FORT KNOX, Ky. – Advanced Camp 8th Regiment Cadets reported to Fort Knox, Kentucky, July 6, for their training on becoming future leaders in the U.S. Army.
Cadets go through in processing when they arrive at the pit. The Cadets “get off the bus that transported them from Louisville International Airport, they line up standing at parade rest while they receive a short brief from the cadre about what is expected of them,” said Sgt. 1st Class Justin Butler, University of Southern
Maine.“Cadets are then broken down into their companies once we have a 100 percent accountability. When they get into their different companies they are assigned their room number, platoon and squad. Once they receive their companies they head over to the designated area and dump out their bags.”
Cadets have a packing list they are given before they come to know what is allowed and not. Some things that are not allowed are tobacco products of any kind, certain prescription medications, and food. Besides a cell phone and the headphones it comes with, all other electronics are tracked and kept safe with the cadre until they are done with their training.
They have the cadets only bring what is on the packing list and nothing that will be over the 31 days they are there. If a cadet is bringing a certain medication they are only allowed to bring 31 tablets.
Many Cadets begin facing their challenges on day zero. “A lot of stuff in the Army is organization and admin stuff. It’s just something you got to be good at, to take charge of a situation and get the simple tasks done efficiently and affectively,” said Cadet John Dwyer, Norwich University from Shelburne Vermont.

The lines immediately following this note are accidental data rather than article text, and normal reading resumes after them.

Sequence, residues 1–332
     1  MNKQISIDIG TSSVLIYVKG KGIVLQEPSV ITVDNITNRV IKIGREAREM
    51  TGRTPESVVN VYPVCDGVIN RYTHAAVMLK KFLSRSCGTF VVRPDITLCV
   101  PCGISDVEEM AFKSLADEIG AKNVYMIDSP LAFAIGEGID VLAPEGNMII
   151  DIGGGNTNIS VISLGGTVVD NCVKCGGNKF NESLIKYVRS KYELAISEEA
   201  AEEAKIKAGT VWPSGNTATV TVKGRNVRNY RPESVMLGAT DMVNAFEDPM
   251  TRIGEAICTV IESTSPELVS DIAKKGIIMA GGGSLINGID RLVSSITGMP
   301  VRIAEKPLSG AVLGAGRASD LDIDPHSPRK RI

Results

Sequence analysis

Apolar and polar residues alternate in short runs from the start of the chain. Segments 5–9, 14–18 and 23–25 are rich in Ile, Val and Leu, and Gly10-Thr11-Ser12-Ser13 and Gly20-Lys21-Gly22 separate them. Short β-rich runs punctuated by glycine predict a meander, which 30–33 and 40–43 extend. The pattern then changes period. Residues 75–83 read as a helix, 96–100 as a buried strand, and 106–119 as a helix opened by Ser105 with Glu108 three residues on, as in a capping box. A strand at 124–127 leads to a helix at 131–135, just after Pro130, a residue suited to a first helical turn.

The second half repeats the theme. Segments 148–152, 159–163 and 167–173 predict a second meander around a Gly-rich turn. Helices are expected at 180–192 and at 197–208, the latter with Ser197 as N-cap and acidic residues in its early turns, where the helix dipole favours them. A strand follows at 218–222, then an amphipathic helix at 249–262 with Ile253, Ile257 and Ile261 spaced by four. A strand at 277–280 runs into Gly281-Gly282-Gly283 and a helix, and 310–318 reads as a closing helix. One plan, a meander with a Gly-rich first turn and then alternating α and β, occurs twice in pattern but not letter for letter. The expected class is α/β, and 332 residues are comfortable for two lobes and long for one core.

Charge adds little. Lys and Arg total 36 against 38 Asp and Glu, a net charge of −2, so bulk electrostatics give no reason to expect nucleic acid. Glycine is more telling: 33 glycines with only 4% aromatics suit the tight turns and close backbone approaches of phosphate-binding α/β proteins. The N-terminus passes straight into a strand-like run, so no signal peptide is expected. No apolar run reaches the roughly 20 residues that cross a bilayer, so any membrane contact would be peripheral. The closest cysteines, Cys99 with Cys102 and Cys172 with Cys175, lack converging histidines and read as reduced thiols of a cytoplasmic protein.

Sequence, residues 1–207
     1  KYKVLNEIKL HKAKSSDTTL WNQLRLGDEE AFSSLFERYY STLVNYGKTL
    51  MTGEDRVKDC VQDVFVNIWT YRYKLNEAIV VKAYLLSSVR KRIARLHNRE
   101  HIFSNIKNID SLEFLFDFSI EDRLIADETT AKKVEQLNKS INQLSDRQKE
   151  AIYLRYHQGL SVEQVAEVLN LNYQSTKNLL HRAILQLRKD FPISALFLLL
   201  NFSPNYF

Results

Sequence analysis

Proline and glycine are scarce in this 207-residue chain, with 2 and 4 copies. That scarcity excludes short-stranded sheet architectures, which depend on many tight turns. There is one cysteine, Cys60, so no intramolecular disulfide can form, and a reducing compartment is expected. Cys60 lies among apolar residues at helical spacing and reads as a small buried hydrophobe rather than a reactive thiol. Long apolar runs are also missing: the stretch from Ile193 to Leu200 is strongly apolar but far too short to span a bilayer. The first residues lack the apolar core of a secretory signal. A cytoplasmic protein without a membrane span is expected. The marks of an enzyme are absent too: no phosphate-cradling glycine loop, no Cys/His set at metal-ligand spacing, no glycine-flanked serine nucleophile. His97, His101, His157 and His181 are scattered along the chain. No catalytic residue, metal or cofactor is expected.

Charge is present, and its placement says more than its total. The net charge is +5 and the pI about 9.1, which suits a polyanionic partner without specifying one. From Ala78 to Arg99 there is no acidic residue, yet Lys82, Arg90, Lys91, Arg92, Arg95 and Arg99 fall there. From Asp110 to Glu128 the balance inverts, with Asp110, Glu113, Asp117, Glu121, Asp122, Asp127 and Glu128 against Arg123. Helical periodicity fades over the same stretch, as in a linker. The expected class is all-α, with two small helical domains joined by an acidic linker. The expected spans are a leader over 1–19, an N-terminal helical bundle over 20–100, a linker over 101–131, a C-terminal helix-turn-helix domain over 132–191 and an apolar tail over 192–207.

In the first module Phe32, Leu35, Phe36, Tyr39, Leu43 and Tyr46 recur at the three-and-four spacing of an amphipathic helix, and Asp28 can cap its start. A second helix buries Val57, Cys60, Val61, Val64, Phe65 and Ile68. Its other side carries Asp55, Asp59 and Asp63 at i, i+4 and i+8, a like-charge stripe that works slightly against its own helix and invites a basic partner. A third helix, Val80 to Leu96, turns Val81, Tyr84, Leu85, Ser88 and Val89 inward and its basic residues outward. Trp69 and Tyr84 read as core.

“One major challenge for in-processing for cadets is the 600 meter ruck march back to their barracks,” said Butler. “They have a packing list and that is a lot of stuff and when you have 2 to 3 bags that can end up being more than their body weight.”
After they put their items away in their wall locker, change into their PT clothes and then they have another briefing.
Cadet Dwyer stated why this was important to him to go through the in-processing process.
“It sets the standard for everything we are going to do here on out. Coming in, it puts everyone on the same playing field,” said Dwyer. “Everyone is trying to help everyone, getting each others bags, getting checked in and you end up getting thrown into positions.”
Cadet Summer Training will bring 8,200 Cadets through Basic and Advanced Camp this summer on Fort Knox. These camps are designed to help challenge, grow and improve various skills and leadership qualities within the Cadets. If you think you have what it takes to be a Cadet or if you are interested in a job after college, click the following link: